posted on May, 10 2012 @ 02:45 PM
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Not so. Most of the heat that escapes the body does so in the form of infrared radiation.



And it's just heat. The information therein is quite low.


What are the benefits of infrared technology?

There are several advantages to detecting and studying infrared radiation. Infrared is basically heat radiation. Infrared radiation carries information about the temperature distribution of the objects studied.


Sure. Like I said above, what it tells you, is "how hot is this object". The end.



This is why Ghost Hunters us Infrared Cameras when looking for Ghost. When a person dies, the heat radiates from there body in the form of infrared radiation. This radiation carries the information about the energy distribution of the body it leaves at death. This is why Ghost are shaped like and look like the dead person the heat radiated from.


There are no ghosts. When a person dies, they're dead. The heat energy leaves their body and travels into the environment, undetectably warming other objects, the chemical energy is feasted on by bacteria and worms. Maybe larger critters if you die unnoticed outdoors somewhere. When you look at somebody that's alive with a heat camera, you see that some parts of them are warmer than others - it's shaped like a person because it IS a person's heat signature you're looking at. However, once that heat energy radiates away from someone, live or dead, it doesn't STAY shaped like a person any more than light from a lamp stays shaped like a light bulb. It is absorbed by surrounding objects and that's it, the end.

If heat energy signatures seen by cameras stayed intact, you could record a table lamp, turn it off, and then the 'ghost of the lamp' would float around the room still shaped like a light bulb. It doesn't.



posted on May, 10 2012 @ 03:43 PM
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reply to post by Bedlam
 


Sadly, you don't understand infrared radiation or it's uses.

You first try to compare a light bulb and a lamp to a living organism. You have to know when it comes to entropy and information humans and light bulbs are like apples and oranges.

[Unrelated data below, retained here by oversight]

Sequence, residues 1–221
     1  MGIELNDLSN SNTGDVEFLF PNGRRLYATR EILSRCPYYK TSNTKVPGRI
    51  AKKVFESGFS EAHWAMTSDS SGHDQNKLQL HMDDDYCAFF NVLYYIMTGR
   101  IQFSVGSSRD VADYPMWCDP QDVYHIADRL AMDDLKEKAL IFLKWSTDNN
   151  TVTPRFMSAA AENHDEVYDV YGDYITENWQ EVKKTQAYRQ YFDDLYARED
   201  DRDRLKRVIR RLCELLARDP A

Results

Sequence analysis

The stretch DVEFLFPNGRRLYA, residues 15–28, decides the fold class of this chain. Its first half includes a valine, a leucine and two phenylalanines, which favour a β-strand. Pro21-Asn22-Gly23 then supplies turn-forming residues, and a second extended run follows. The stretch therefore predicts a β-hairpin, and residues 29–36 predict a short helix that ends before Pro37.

Secondly Infrared Radiation does a lot more when it comes to information.


We cannot see infrared radiation, but we can feel it as heat energy. Infrared sensors can detect heat from the body. They are used in:

security lights
burglar alarms

Infrared radiation is also used to transmit information from place to place, including:

remote controls for television sets and DVD player
data links over short distances between computers or mobile phones


www.bbc.co.uk...

When the information is transmitted from the human body in the form of infrared radiation (heat) it can still be seen. This is what we call ghosts.

Here's more:


Infrared is used in a variety of wireless communications, monitoring, and control applications. Here are some examples:

Home-entertainment remote-control boxes

Wireless (local area networks)

Links between notebook computers and desktop computers

Cordless modem

Intrusion detectors

Motion detectors

Fire sensors

Night-vision systems

Medical diagnostic equipment

Missile guidance systems

Geological monitoring devices

Transmitting IR data from one device to another is sometimes referred to as beaming.


searchnetworking.techtarget.com...

What is beaming?


1) In infrared transmission, beaming is the communication of data between wireless devices using a beam of infrared light. This beam, invisible to humans, is used in many familiar devices, such as television remote controls and garage door openers. Infrared transmission is often used to transfer information between computing devices, for example, beaming data between a handheld device, such as a personal digital assistant (PDA), and a laptop computer. Recently made portable computing devices are equipped with infrared ports, and entire networks can be set up using only infrared transmission for communication. However, because infrared transmission requires a clear line of sight, it isn't practical to use in an environment where there are physical objects -- such as walls -- in between the devices to be connected.


searchmobilecomputing.techtarget.com...

Again, when heat leaves the body at death in the form of infrared radiation, the transmission of data (the human body and experience) doesn't die.



posted on May, 10 2012 @ 04:12 PM
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Originally posted by neoholographic
reply to post by Bedlam
 


Sadly, you don't understand infrared radiation or it's uses.


Oh, I bet I do. Got a masters in physics?